Beneath the Cross of Jesus

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Beneath the cross of Jesus
I fain would take my stand –
The shadow of a mighty rock
Within a weary land,
A home within the wilderness,
A rest upon the way,
From the burning of the noontide heat
And the burden of the day.

Upon that cross of Jesus
Mine eye at times can see
The very dying form of one
Who suffered there for me;
And from my smitten heart, with tears,
Two wonders I confess:
The wonder of His glorious love,
And my own worthlessness.

I take, O cross, thy shadow
For my abiding place;
I ask no other sunshine than
The sunshine of His face;
Content to let the world go by,
To know no gain nor loss,
My sinful self my only shame,
My glory all the cross.

This weekend brings us to Palm Sunday, but Good Friday soon follows, so we will continue to focus here on the cross of Jesus Christ. May we all find rest in its shadow, and sunshine in the face of Jesus, as the author, Elizabeth Clephane did.

Elizabeth was born in Edinburgh, Scotland, as a daughter of the Sheriff of Fife. She was known to have been a quiet, shy child, spending much time with books. She was popular at school, where she excelled at her studies and had a great love of poetry. When both her parents died while Elizabeth was young, she learned to deal with sorrow. She became known to others, particularly those who were sick or suffering, as “My Sunbeam”. Apparently the lines about sunshine in the above hymn were her own reference to this.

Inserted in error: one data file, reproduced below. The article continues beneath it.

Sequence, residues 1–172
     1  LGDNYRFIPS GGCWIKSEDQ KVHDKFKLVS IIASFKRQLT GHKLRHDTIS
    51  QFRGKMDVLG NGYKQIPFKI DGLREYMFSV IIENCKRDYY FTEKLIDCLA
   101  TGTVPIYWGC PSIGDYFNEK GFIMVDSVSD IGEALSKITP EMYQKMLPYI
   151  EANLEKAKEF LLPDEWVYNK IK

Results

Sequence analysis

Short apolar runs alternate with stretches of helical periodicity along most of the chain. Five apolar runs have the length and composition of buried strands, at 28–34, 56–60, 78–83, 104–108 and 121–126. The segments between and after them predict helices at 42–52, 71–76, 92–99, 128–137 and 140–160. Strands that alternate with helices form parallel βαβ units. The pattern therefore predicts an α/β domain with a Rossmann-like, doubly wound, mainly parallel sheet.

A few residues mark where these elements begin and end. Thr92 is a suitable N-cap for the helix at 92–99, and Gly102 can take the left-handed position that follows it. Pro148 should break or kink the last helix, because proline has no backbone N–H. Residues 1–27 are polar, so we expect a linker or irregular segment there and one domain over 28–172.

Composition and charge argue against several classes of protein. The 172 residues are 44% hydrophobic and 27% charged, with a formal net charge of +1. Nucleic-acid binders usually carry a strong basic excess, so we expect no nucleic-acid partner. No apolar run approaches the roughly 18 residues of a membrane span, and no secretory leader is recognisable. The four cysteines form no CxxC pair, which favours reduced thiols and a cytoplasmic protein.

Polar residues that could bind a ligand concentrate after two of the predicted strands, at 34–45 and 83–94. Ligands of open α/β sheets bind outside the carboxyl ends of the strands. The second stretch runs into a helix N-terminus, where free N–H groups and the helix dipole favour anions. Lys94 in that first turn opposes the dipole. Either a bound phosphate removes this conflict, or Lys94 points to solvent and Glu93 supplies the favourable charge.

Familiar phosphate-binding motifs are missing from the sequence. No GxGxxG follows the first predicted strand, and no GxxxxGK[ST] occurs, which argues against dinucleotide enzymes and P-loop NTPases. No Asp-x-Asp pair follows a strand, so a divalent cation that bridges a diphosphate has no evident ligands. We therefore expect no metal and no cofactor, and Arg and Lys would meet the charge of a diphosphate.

The hymn was written as a poem and published with others by Clephane in a Scottish magazine. Ira Sankey, the evangelist, discovered it there and wrote the original tune, which is now usually replaced by the more familiar one by Frederick Maker. When the hymn was first sung, as a solo by Ira Sankey, prior to a message by Reverend W.H. Aitkin, the listeners were so visibly moved that the Reverend changed his sermon topic to “The Cross of Jesus”. This and “The Ninety and Nine” were the only hymns Elizabeth Clephane ever wrote.

This and “The Ninety and Nine” were the only hymns Elizabeth Clephane ever wrote. Click To Tweet
S.A. SONG BOOK, 1987 EDITION, #476 AND #989; 2015 EDITION, #161


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